YAMBA Museum's summer photography exhibition featuring "Surfing Angourie" and Osric Notley's "Bush to Beach" continues to sizzle like our weather. With only one week before the exhibition closes, if you were thinking about walking down Angourie's surfing memory lane you had better hurry.
Exhibition curator Debrah Novak said the number of visitors to the exhibition were roughly about the same as last year but the number of locals through the door this time had doubled.
"Last year we had 2000 people go through the doors and we are really hoping to match it this year," she said.
"We have had so much positive feedback from our visitors and locals, it's been really heart-warming.
"This time last year it was raining, so that pushed many holidaymakers off the beach and in through the museum doors, but the weather has held out this year and the numbers have still been great.
"For me that says only one thing: locals and visitors are interested in a quality photographic exhibition about local surfing, its history and culture and our recipe appears to be working".
Some of the comments from our visitors book so far include: "what a beautiful place, so full of history and beautiful photos, love the surfing collection" from D and P Smith Kempsey. A couple from Perth wrote "good facts also great photos", while a couple from Arrawarra wrote: "gorgeous display evoking many wistful and wonderful memories of the early days of surf culture".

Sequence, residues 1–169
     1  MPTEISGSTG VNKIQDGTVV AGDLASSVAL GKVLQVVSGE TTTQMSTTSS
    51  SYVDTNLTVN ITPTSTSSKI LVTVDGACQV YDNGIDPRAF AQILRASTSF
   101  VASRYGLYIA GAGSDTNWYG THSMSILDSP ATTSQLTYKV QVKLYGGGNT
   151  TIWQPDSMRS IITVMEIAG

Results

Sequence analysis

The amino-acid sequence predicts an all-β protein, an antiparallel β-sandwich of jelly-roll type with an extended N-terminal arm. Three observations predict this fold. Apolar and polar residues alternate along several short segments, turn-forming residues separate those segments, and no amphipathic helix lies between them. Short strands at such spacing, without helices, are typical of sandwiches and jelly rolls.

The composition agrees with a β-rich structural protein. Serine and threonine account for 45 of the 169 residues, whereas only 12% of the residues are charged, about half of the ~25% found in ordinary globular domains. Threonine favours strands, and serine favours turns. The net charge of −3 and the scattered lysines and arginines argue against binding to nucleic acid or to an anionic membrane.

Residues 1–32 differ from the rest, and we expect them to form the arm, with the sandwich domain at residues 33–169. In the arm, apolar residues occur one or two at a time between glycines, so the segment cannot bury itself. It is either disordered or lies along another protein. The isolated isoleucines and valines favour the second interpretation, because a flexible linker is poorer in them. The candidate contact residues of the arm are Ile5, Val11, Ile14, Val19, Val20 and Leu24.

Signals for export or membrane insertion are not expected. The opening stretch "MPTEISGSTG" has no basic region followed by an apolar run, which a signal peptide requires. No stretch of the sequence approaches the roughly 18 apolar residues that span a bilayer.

Quite a number of international tourists have also signed the visitors book, all complimenting the photos and exhibition.
Ms Novak said one of the intentions of this exhibition was to start a photographic conversation with the wider community, hoping that it would turn up some buried photographic treasures, which it has. "One of the surprises that has surfaced from the exhibition are a number of never-before-seen surfing photos taken at Angourie and Green Point at Easter 1962 by Grafton local, Henry Donovan," she said.
"Longtime Yamba surf club member and Clarence Valley resident Roger McLean, after visiting the exhibition, went home and found a number of his surf photos featuring the pioneer surfers of the day taken between 1961-62.
"He was one of the originals to surf the point in the early 60s.
"These photos are absolute gold and we are so glad they have been given to the Yamba museum. "The surfer and photographer Henry Donovan died when he was aged 36 in Grafton and his legacy of the point are these amazing photos."
The museum wants another 50 Angourie surf culture photos to consolidate its "Surfing Angourie" collection.
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